Or according to a Pew Research Center survey:
The percentage of U.S. Catholics who consider themselves “strong” members of the Roman Catholic Church has never been lower than it was in 2012, according to a Pew Research Center analysis of new data from the General Social Survey (GSS). About a quarter (27%) of American Catholics called themselves “strong” Catholics last year, down more than 15 points since the mid-1980s and among the lowest levels seen in the 38 years since strength of religious identity was first measured in the GSS, a long-running national survey carried out by the independent research organization NORC at the University of Chicago.
The decline among U.S. Catholics is even starker when they are compared with Protestants, whose strength of religious identification has been rising in recent years. About half (54%) of American Protestants – double the Catholic share (27%) – described their particular religious identity as strong last year, among the highest levels since the GSS began asking the question in 1974.
From the Daily Mail:
The only Christian denomination that has remained relatively stable between the 1980s and today is Catholicism – numbers have dipped slightly from ten per cent to eight per cent.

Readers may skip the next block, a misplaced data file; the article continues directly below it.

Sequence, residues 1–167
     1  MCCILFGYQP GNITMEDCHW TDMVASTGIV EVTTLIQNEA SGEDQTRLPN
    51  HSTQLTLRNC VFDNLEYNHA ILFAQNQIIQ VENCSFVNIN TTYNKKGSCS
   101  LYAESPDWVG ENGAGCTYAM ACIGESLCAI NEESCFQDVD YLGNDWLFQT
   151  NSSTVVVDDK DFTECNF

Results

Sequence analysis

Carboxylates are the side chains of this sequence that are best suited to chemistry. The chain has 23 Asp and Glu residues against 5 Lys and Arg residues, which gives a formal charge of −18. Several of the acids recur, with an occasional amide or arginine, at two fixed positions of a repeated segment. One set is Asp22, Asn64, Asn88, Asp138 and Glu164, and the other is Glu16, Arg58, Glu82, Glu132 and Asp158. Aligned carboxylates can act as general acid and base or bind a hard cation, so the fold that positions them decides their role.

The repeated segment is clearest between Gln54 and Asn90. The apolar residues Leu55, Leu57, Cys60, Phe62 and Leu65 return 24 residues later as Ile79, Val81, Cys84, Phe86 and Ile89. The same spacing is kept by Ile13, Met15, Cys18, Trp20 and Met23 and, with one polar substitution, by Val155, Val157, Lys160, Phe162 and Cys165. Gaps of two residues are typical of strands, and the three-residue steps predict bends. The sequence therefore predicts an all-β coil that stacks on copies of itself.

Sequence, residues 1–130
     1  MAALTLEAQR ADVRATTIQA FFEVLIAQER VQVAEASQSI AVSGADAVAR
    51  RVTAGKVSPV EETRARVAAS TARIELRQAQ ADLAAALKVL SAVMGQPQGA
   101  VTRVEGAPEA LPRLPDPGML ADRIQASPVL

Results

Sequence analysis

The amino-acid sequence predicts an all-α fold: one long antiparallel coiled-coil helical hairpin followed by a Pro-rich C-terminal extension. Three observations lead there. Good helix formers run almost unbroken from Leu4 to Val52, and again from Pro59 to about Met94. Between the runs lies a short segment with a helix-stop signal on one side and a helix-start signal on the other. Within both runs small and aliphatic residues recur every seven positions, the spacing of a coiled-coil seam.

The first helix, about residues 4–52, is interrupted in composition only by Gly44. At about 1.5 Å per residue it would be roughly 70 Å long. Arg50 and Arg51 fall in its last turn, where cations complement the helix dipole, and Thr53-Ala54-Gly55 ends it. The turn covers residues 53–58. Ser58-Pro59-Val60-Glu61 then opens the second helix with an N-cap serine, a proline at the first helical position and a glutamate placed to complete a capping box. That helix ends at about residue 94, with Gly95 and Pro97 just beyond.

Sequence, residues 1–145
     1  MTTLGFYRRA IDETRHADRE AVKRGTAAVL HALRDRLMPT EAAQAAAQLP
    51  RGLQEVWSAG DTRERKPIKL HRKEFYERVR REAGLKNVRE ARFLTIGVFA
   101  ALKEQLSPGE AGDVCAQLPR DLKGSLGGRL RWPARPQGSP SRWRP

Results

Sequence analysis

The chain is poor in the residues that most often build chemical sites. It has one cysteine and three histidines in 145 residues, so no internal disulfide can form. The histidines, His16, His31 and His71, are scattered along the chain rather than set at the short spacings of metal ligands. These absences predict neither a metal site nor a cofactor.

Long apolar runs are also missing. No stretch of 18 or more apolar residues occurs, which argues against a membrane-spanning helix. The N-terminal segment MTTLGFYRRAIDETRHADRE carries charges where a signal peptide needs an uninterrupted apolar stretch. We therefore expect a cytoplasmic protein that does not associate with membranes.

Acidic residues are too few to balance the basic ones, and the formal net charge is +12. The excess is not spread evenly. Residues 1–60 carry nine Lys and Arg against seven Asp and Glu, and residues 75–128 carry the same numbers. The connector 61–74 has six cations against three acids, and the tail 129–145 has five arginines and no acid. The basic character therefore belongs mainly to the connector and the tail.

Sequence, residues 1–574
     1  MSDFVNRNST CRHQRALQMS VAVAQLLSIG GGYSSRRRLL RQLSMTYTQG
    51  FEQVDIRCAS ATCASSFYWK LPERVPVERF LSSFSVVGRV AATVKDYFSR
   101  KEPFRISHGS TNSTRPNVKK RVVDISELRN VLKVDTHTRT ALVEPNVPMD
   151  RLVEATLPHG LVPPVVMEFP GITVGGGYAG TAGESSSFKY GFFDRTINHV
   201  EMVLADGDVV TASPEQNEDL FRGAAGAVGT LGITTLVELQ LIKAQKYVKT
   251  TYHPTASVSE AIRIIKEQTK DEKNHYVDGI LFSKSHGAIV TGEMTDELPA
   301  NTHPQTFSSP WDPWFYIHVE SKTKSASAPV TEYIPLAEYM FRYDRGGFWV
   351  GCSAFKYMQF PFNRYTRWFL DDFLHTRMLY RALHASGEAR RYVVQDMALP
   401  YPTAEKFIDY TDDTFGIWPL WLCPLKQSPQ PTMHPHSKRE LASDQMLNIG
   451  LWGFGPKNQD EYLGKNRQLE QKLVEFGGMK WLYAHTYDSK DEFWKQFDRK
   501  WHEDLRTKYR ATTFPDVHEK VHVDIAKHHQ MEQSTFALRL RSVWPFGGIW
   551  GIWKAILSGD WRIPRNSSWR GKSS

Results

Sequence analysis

Mr Brierley said the Roman Catholic Church had benefited from the influx of immigrants in recent years, particularly those from Eastern Europe. He added: ‘It is not just Poles. Many others are joining the Church when they come here, from Filipinos to Portuguese. There are seven different Catholic churches just for Croatians in London.’
A category called ‘Other Christian’ has also remained steady, boosted by the rise of largely black congregations attending Pentecostal ‘mega-churches’.
Naomi Jones, of NatCen, said one explanation for the Anglican decline is that fewer people see Christianity as being an important part of their British identity.
Sadly, this is exactly what’s wrong with jolly old England. Even Prince Charles calls himself “Defender of faith” rather than “Defender of THE Faith.”